Thursday, August 10, 2017

Addressing the Roots of the South Sudan Conflict

South Sudan is the world’s newest country, but 72% of its people live in refugee camps. Kathryn Gor describes what the diaspora community in Australia is doing to help.

From Australian shores, the South Sudan conflict can seem so far away, yet for some it is all too close. Over 30,000 South Sudanese people have made Australia their home, and many have immediate family still caught in the conflict. Nyok Gor with Peter KakaNyok Gor is one such person. Fleeing to a refugee camp at the age of eight, pulled into service as a child soldier, and finally receiving school education at a camp in Kenya, he came eventually to live in Melbourne. After becoming involved with Initiatives of Change (IofC) in Australia, Nyok, a Dinka, chose to reconcile with another South Sudanese, Peter Kaka from the Murle tribe, upon finding out they each had family who had been killed in the conflict. With support from friends at IofC, they co-founded the South Sudan – Australia Peace Initiative (SSAPI) with a focus on reconciliation and forgiveness. Out of SSAPI’s activities and influence, a Parliamentary Friendship Group has formed in Canberra, and joint community activities are taking place among Dinka, Nuer and others in Australia.

South Sudan gained independence in July 2011, breaking away from the Arab-dominated north after decades of civil strife. Yet within two short years, the fledgling government imploded amid accusations of a planned coup. A multi-polar conflict spread and many people have fled their homes; around 4 million people are displaced, and 1.5 million are refugees outside South Sudan. Fragile truces have been negotiated and repeatedly broken, most recently in 2015. The harvest this year was meager. Food prices are high, and the country teeters on the brink of a full-scale famine.

South Sudan VillageBefore the truce failed in 2015, SSAPI was partnering with community groups in South Sudan to spread the message of peace at the local level. SSAPI members helped train 200 ‘Peace Mobilisers’ from across the country to work in their own communities, and started a national conversation about reconciliation. In Australia, a South Sudan Australia Parliamentary Friendship Group has formed, co-chaired by Federal MPs, from the Greens, Labor and Liberal, parties which aims to bring greater understanding of the situation in South Sudan within government circles and support the diaspora community in its peace building efforts.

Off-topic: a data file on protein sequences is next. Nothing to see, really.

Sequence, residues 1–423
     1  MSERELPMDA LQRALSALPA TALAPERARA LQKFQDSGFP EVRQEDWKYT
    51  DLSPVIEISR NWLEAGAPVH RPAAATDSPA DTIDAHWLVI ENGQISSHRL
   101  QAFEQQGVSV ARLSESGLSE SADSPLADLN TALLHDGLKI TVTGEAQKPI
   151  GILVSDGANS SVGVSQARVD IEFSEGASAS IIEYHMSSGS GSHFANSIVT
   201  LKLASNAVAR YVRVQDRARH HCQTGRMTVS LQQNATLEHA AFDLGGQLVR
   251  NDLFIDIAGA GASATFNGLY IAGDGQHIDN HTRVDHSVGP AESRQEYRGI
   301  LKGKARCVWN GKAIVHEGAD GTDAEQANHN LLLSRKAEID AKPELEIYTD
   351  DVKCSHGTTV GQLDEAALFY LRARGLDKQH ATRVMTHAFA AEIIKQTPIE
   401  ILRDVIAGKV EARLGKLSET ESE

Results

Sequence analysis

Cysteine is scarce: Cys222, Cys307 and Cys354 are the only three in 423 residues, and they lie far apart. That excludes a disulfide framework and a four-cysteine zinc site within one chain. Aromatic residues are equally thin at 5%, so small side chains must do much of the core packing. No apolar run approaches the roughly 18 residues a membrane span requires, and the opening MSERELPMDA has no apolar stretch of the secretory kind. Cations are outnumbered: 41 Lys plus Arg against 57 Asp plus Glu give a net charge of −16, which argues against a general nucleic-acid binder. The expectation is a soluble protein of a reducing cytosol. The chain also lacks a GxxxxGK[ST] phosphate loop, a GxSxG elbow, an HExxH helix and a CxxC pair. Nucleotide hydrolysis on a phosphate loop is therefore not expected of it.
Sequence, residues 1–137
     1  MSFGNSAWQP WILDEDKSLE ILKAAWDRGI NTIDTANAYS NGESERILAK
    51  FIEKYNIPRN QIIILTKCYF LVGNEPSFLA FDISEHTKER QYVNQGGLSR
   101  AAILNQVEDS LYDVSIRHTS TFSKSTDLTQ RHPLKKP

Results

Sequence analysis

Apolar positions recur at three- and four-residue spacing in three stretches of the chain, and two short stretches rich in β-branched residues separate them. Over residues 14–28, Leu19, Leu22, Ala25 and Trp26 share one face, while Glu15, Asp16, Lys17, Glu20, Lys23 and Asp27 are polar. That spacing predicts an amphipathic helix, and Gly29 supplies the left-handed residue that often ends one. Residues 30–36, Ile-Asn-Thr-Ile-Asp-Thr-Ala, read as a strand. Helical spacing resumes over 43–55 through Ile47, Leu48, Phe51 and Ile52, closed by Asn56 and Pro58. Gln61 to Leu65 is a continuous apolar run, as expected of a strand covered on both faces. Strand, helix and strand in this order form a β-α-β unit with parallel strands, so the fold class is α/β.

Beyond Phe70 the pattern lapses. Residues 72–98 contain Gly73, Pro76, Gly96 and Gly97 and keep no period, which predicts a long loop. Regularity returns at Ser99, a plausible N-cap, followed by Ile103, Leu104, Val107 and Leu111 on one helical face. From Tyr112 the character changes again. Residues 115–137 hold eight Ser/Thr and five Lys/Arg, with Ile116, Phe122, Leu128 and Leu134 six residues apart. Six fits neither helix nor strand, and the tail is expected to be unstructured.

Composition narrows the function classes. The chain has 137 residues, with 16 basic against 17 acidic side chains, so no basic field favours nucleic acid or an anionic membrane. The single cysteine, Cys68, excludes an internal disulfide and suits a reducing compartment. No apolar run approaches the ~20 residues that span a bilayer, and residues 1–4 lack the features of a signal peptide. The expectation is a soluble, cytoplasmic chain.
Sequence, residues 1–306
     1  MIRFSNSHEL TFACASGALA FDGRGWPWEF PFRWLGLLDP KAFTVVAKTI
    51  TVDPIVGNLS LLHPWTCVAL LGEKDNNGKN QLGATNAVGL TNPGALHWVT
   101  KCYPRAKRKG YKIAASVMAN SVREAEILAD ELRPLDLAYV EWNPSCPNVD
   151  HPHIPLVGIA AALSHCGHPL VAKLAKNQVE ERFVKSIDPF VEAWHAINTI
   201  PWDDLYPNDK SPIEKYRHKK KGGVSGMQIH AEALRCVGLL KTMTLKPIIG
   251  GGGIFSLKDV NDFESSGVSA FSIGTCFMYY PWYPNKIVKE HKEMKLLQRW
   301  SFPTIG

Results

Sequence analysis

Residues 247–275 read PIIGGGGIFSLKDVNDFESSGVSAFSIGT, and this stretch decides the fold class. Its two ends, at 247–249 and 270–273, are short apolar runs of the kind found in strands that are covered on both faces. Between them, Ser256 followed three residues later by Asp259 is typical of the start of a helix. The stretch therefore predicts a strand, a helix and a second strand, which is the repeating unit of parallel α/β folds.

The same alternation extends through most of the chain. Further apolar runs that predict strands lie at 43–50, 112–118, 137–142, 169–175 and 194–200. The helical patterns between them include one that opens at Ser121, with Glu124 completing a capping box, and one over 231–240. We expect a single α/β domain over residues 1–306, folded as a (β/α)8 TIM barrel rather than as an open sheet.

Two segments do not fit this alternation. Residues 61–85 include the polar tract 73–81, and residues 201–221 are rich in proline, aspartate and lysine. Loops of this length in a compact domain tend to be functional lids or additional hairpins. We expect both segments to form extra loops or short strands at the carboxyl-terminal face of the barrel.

South Sudanese Peace Mobiliser TrainingPeace mobiliser training, South Sudan, 2013

Nyok and his partner Kathryn, an Australian social worker from Melbourne, knew there were others with similar visions for peace scattered across Australia. In May 2017, they organized a national gathering in Melbourne of South Sudan peace advocates. ‘This was the culmination of many months of discussions between South Sudanese Australian groups based in Melbourne, Sydney, Brisbane, Adelaide and Canberra,’ said Kathryn. ‘We worked hard to involve people who have shown commitment to peace building work, and we were able to bring together a dedicated group of 20 like-minded people.’

Nyok and Kathryn with Tim CostelloNyok Gor (R) stands with partner Kathryn, South Sudanese colleagues, and then-CEO of World Vision, Rev. Tim Costello (centre) on Parliament House steps, Canberra, at the launch of the South Sudan Parliamentary Friendship Group, March 2015.